When working with large datasets in Excel, you may need to compare two columns to find similarities or differences.
VLOOKUP is a powerful function that allows you to search for matching data between two columns. The function allows you to search for values in one column that appear in another.
This article shows you how to compare two columns using VLOOKUP, so you can efficiently analyze your data.
Fundamentals of Vlookup Function
Suppose you have a spreadsheet with two lists of items in column A and column B. You want to find the items in List 1 that also appear in List 2.
You can imagine that working manually through lists of thousands of items would be hugely time-consuming. Thankfully, Excel brings VLOOKUP to the rescue!
The term VLOOKUP stands for Vertical Lookup. The function will compare two columns, finds matches between them, and returns the associated values.
Here’s a basic syntax of the VLOOKUP function:
=VLOOKUP(lookup_value, table_array, col_index_num, [range_lookup])
This is a breakdown of the elements:
lookup_value: the value you want to search for in the first column of the table_array.
table_array: the range of cells containing the data you want to search in.
col_index_num: the column number in the table_array you want to return the value from.
range_lookup: Optional. It’s either TRUE (approximate match) or FALSE (exact match). The default is TRUE.
Preparing Your Data for VLOOKUP
Before using VLOOKUP to compare two columns in Excel, you need to prepare your data.
Create two separate columns in your worksheet where you want to compare the values. This article uses Column A and Column B for our examples.
Here is the sample data used in this article:
This is the sample table with header to be added to the section titled “Preparing Your Data for VLOOKUP”:
List 1 List 2
Item 1 Item 3
Item 2 Item 4
Item 3 Item 1
Item 4 Item 5
Formatting the data
It’s important to ensure that the data in both columns are formatted similarly. VLOOKUP is case-sensitive,which means that capitals and lower-case characters matter.
Matching errors may occur in the final result if the formatting is inconsistent.
It’s also a good idea to remove any duplicate values or blank cells to minimize the risk of errors.
To remove duplicate values:
Select the column.
Go to the Data tab in the top ribbon.
Click on Remove Duplicates in the Data Tools section.
The button can be a little hard to see. This picture will help you:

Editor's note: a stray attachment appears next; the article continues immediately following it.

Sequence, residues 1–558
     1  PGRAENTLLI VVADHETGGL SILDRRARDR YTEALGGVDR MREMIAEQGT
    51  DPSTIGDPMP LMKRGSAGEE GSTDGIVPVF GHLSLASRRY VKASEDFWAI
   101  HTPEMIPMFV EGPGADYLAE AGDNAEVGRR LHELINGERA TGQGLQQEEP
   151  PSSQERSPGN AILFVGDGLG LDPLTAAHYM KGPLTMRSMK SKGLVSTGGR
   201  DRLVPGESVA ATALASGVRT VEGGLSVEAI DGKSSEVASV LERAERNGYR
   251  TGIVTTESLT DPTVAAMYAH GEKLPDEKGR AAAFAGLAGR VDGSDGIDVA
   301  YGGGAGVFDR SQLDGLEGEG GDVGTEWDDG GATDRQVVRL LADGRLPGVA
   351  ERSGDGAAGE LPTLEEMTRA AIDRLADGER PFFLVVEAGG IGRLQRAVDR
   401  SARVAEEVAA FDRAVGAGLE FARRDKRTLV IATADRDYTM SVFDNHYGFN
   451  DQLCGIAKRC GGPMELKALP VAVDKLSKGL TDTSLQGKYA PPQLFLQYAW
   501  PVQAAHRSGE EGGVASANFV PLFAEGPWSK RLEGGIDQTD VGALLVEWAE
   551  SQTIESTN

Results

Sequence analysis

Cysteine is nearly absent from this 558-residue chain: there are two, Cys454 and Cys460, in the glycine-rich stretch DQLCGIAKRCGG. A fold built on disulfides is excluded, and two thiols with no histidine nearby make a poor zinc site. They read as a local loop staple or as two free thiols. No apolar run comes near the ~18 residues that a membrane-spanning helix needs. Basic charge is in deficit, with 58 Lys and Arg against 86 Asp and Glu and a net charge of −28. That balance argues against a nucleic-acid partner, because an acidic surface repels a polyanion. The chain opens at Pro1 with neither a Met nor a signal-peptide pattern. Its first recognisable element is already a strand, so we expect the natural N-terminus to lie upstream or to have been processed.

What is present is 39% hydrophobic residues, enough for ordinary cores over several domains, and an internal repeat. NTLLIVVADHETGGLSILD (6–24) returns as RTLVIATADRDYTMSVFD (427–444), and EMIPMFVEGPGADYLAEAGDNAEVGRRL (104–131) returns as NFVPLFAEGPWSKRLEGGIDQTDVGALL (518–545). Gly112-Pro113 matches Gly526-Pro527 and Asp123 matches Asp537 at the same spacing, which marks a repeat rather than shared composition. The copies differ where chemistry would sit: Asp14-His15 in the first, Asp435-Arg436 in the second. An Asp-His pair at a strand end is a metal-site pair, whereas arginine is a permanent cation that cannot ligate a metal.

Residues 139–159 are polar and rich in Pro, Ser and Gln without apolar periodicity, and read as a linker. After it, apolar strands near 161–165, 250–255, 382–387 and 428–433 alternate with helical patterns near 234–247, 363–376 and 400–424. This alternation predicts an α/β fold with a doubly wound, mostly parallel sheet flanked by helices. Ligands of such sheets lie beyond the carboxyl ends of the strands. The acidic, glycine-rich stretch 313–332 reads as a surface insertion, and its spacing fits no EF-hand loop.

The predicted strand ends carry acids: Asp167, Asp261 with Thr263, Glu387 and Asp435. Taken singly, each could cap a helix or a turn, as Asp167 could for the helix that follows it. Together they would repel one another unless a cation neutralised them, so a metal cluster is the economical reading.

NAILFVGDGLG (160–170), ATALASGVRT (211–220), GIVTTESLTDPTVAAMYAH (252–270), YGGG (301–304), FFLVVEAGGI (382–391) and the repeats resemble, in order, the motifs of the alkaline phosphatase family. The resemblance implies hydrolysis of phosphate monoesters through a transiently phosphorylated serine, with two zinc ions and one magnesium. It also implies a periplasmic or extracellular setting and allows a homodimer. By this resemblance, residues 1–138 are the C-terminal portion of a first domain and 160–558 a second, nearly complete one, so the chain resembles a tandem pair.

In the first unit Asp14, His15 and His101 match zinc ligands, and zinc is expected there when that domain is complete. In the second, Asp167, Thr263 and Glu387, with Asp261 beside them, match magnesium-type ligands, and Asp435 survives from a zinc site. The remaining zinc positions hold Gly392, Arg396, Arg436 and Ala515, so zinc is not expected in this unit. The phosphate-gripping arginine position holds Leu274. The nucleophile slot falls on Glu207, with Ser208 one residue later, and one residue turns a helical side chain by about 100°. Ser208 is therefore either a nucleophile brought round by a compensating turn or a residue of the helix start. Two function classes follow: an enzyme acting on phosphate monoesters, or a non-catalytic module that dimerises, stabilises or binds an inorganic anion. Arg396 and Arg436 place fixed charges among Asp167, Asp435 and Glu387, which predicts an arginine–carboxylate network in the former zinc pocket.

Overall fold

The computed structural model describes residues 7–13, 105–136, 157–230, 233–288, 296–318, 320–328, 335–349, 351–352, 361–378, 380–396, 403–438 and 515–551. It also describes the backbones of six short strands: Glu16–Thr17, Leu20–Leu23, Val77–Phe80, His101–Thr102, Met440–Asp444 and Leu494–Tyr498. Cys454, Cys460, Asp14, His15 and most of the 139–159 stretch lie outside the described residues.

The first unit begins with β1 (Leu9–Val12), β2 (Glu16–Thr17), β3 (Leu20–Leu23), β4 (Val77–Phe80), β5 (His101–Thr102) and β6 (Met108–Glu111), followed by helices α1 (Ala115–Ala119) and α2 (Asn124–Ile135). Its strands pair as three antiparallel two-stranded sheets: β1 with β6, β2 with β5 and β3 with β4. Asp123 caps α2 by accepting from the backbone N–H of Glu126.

To remove blank cells:
Select the column.
Go to the Home tab in the top ribbon.
Expand the “Find & Select” menu.
Choose “Go to Special”.
Select “Blanks” from the options.
Click on “Delete” in the Cells section.
How To Use VLOOKUP To Compare Two Columns
Once data is prepared, you can write the VLOOKUP formula to compare two columns in Excel and identify matches. Follow these steps:
Select a cell in a new column where you want to display the comparison results (e.g., cell C2).
Type the following formula: =VLOOKUP(A2, B:B, 1, FALSE))
Press Enter to apply the formula.
In case of a matching value, the value will be displayed in the same row of the result column (e.g., Column C).
Drag the formula down from C2 to copy it over as many cells as you need.
If you’re using our sample data, put your comparison results in the third column. The formula will find three matches out of the four items in List 1.
Notice that Item 2 is showing as #N/A. Excel is telling us that the match is not applicable i.e. it could not be found.
That is correct and is useful information about missing values. However, some Excel users may think that there is some data issue or function error.
It’s good practice to show a different indication that no match was found. That could simply be a blank.
To do so, combine the VLOOKUP function with the IFNA function like this:
=IFNA(VLOOKUP(A1, B:B, 1, FALSE), “”)
The IFNA function detects the #N/A error and replaces the output with an empty space (“”). You can also use the ISNA function or have additional logic with the IF function.
Handling other errors
VLOOKUP can sometimes generate other errors in your comparison results. The #REF! Error in Excel is a genuine problem with your data.
It usually occurs when your specified range is incorrect. Our example has referenced the entire column, but you can also use vertical cell ranges.
Make sure the search range you are referring to covers all the values you want to compare.
Alternatives to VLOOKUP for Column Comparison
There are two main alternative lookup functions when comparing two columns in Excel to find matches.
1. Using Index and Match Functions
Instead of using VLOOKUP, you can compare two columns in Excel by combining the INDEX and MATCH functions.
This method provides a more flexible way to look up data and is particularly useful when working with non-adjacent columns or when the column index may change.
This is the syntax to put in the result column:
=INDEX(return_range, MATCH(lookup_value, lookup_range, 0))
Return_range: the range of cells that contain the data you want to return.
Lookup_value: the value you want to search for within the lookup range.
Lookup_range: the range of cells within which you want to find the lookup value.
Using the same data in the previous examples, we replace the VLOOKUP formula as follows:
=(INDEX(B:B, MATCH(A2, B:B, 0)))